Seat WarmingA poorly heated home makes any kind of winter-time contact with a toilet seat a potentially harrowing experience. And considering the natural tendency of our various sphincters to clench up when subjected to sudden shocks, a heated toilet seat actually seems like a pretty good idea. Nice one, Japan. How This Will Go All Wrong Unless ... Is there anything you put in close proximity to a toilet seat that is sensitive in any way? Like a kind of fun, goofy appendage? Let's say there is, and let's call him Johnson-San. How would Johnson-San feel if it was abruptly pinned by a scalding hot toilet seat that swung down suddenly?
"Ahh oh god oh god oh god I burned my dick and I peed on the floor but mostly that first thing shit heeeeeeelllllllp."
DeodorizationWhen a toilet is used successfully, it is often the case that fantastic odors are produced. For most Westerners, these fragrances are a great thing, a cause for celebration and windmill high-fives. But for the Japanese, they are a terrible embarrassment, a reminder that inside everyone lurks great evil. To counter these grim portents, many Japanese toilets contain deodorization features. These can include masking fragrances, but the more advanced models can even produce ozone, which is capable of chemically neutralizing many odors.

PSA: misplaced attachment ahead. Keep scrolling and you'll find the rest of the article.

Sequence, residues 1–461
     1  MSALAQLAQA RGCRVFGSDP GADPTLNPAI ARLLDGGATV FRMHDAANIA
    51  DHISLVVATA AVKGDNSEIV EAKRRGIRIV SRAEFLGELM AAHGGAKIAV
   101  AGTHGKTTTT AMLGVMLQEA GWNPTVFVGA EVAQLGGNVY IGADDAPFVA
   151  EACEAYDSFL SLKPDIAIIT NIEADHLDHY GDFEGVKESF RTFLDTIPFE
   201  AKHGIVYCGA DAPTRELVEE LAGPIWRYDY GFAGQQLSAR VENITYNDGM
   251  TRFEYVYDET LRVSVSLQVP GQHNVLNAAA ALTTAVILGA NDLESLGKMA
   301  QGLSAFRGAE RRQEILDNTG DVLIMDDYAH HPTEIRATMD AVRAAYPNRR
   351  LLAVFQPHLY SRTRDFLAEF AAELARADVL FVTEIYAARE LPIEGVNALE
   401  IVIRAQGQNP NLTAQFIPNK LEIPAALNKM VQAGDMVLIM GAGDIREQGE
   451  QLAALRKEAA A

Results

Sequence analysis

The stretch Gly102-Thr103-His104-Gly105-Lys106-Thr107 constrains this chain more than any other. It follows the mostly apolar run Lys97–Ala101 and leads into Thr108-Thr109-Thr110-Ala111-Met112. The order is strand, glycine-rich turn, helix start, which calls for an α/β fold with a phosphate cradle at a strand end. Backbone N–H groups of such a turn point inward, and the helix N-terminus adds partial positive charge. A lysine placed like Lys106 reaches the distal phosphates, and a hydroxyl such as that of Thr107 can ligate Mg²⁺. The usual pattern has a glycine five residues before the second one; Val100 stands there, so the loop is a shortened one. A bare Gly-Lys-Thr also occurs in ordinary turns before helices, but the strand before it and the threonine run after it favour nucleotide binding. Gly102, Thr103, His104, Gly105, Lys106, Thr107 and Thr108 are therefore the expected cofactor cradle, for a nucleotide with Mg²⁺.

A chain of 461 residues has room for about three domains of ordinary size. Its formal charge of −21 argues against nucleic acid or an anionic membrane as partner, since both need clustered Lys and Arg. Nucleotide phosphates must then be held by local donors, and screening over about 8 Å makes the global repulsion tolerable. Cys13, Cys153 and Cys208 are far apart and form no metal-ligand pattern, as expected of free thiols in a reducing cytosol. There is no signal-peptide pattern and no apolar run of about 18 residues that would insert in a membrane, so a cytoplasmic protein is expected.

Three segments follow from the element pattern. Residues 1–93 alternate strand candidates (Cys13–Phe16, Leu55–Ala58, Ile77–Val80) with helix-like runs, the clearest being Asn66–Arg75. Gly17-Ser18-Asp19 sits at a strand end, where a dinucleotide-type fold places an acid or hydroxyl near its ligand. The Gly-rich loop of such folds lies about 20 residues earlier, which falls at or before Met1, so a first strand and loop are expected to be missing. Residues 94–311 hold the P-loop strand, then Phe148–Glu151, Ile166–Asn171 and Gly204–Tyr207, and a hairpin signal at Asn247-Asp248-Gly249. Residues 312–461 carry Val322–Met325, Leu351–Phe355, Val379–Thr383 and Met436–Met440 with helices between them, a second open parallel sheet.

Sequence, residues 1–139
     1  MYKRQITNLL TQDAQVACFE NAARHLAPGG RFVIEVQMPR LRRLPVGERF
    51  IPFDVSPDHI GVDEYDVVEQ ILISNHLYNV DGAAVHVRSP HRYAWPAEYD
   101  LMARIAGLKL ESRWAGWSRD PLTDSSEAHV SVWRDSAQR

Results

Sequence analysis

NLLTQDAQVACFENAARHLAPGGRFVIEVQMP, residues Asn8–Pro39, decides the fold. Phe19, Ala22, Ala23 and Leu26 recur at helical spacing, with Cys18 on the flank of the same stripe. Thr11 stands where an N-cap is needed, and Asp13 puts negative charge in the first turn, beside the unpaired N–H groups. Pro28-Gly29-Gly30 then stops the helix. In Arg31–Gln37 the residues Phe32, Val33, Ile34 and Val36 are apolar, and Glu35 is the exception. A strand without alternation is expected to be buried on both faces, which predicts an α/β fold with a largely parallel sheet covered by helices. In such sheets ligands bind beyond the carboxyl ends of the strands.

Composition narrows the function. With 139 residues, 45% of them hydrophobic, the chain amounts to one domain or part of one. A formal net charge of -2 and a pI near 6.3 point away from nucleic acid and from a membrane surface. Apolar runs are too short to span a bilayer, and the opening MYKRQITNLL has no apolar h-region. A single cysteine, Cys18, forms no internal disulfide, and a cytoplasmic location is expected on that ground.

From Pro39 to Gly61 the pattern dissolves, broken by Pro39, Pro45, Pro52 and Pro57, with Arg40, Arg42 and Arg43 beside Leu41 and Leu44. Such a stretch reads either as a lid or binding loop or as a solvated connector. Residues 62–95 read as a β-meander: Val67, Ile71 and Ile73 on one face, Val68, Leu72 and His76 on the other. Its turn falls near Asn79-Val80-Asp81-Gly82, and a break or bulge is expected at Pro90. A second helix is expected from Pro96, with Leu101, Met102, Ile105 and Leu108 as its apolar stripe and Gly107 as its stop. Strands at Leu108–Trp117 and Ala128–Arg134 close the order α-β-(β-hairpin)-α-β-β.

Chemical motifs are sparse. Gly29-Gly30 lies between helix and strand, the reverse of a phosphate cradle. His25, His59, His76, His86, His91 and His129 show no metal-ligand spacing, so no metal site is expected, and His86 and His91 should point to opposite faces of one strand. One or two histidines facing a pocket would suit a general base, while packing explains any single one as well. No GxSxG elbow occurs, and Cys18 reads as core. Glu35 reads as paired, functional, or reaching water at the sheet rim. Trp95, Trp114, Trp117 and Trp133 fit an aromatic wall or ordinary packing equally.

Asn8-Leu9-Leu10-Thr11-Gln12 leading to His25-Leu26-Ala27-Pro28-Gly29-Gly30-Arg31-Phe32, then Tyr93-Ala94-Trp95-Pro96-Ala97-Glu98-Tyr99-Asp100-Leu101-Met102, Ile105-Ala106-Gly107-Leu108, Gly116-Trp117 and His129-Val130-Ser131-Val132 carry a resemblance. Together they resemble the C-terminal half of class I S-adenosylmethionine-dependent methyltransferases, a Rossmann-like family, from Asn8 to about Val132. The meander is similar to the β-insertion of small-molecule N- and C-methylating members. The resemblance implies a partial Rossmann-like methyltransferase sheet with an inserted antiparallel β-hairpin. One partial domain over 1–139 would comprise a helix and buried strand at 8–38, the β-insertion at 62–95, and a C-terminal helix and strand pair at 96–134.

Toilets That Taste Your BusinessJapan has a serious appetite for technologies that will help maintain the health of its aging population. Toilets that are capable of measuring the user's blood pressure, body fat and level of sugar in the urine are all available. Many of them are also capable of communicating this information to doctors or other medical practitioners, who are presumably just delighted about seeing their inboxes fill up with news about people's outboxes.
How This Will Go All WrongIt doesn't take much of a stretch of the imagination to see authorities using the very same technology to detect the presence of illegal substances in a user's waste and then have the toilet turn them in, like some kind of stool pigeon. Sorry about that. And from there it's no great leap to imagining a toilet framing you for a crime you didn't poop. If you think you'll get away by simply voiding into dishwashers, be sure to check back next week for our terrifying expose on the Japanese dishwasher industry (hint: they have no sense of right or wrong, and lasers).